Mahou San Miguel has signed its first green loan with Banco Santander for a value of 13.8 million euros and with a maturity of six years, as reported by the 100% Spanish brewery in a statement.
Specifically, this funding, framed in the Sustainable Development Goals (SDGs) of the United Nations 2030 Agenda, will focus on projects aimed at guaranteeing affordable and clean energy to achieve more sustainable cities and communities.
In this way, this credit line will allow the owner of Mahou, San Miguel, Alhambra and Solán de Cabras to continue advancing in their corporate projects of energy optimization and more environmentally friendly packaging.
Thanks to this agreement, Mahou San Miguel incorporates sustainability criteria into its financial area that have been integrated into the management of its business for years, now also promoting socially responsible investments.
“This operation is due to our absolute conviction that, as leaders of the beer sector in Spain, we have the responsibility to ensure that sustainability is present in all areas of our activity. It is a great investment effort that we will carry out thanks to the support of a A key financial partner for us, such as Santander, “said Mariano Navarro, general director of Finance, Strategy, Purchasing and Heritage of Mahou San Miguel.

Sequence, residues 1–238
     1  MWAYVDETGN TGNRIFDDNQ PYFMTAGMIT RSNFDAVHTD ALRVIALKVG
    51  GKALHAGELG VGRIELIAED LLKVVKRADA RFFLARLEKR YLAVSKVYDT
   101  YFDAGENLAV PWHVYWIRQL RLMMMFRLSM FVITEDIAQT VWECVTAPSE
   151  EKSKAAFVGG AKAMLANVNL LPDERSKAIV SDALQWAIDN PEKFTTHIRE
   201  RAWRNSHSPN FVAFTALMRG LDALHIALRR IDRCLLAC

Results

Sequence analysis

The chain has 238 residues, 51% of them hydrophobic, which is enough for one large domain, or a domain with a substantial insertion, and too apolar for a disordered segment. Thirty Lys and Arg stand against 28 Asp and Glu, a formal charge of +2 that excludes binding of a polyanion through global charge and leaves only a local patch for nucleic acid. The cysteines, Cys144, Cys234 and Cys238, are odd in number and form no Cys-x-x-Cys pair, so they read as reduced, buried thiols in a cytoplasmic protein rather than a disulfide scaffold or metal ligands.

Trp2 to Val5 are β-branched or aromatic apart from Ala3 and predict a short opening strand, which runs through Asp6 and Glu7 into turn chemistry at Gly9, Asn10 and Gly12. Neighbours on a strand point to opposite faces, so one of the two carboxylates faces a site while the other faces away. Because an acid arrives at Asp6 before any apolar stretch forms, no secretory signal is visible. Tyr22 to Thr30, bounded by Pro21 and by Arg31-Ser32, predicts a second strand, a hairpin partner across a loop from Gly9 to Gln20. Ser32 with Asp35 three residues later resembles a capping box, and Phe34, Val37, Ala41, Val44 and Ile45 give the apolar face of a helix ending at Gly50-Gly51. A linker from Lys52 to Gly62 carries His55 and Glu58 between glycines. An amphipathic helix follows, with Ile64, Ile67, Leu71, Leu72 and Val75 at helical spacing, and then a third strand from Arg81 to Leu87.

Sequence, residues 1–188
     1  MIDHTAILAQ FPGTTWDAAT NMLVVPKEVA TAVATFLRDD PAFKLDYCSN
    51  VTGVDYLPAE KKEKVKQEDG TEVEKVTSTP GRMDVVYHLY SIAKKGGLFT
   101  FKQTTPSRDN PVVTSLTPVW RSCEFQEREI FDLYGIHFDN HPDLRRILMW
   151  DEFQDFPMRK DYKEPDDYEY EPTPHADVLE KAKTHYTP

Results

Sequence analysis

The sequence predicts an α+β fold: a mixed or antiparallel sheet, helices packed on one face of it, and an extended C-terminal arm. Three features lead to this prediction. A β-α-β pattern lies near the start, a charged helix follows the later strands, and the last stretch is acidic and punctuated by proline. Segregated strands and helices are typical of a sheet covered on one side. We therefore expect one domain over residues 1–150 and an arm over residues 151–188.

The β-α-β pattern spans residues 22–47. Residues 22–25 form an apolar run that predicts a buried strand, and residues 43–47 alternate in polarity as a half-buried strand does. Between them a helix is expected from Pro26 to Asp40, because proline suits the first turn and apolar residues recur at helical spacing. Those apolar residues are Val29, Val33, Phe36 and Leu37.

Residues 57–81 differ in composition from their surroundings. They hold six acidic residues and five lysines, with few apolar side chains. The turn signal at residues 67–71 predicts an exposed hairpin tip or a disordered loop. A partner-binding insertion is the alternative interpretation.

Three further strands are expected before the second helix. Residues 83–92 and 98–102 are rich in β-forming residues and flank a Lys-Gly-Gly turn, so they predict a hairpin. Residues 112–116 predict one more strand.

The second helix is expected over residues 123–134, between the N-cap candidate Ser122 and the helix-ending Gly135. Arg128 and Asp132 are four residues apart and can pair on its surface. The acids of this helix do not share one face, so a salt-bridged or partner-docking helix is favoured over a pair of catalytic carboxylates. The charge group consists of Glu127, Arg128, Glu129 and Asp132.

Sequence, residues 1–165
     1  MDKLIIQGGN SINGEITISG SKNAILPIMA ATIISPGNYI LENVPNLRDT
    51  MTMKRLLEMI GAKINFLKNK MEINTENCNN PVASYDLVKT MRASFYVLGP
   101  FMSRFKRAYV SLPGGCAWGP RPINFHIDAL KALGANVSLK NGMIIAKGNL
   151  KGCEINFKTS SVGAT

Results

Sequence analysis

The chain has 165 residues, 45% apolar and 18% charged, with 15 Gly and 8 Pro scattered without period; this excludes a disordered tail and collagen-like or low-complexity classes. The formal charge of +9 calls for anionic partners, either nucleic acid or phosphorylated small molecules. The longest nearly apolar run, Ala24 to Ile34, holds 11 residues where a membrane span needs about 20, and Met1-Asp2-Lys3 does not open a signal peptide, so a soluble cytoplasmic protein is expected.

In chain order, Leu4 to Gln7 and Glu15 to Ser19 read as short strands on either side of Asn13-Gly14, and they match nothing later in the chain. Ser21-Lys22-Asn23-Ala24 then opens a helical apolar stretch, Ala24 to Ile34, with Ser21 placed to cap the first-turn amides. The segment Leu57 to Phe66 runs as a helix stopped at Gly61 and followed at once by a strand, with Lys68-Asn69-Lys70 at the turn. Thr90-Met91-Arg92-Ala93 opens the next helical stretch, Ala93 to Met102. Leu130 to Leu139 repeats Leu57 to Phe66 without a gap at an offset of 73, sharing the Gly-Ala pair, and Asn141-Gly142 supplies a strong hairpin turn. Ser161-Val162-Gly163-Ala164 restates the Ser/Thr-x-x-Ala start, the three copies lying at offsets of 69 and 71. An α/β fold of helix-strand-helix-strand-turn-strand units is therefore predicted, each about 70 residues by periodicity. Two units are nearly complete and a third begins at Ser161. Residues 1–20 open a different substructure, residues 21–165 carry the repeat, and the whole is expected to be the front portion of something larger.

Mahou San Miguel has specified that this initiative reinforces its commitment to the environment and will allow it to continue developing its activity according to the strategic lines set out in its new Sustainability Plan ‘Now 2030’, focused on promoting economic and social progress, protecting the natural habitat and promote a healthy lifestyle.
For its part, for Santander this operation is part of its commitment to support its clients in the transition towards a more sustainable and low-carbon economy, one of the key factors that the entity considers should guide the economic reactivation in the post -covid.
The objective of the entity chaired by Ana Botín is to finance or facilitate the mobilization of 120,000 million euros between 2019 and 2025 and 220,000 million euros between 2019 and 2030 to combat climate change.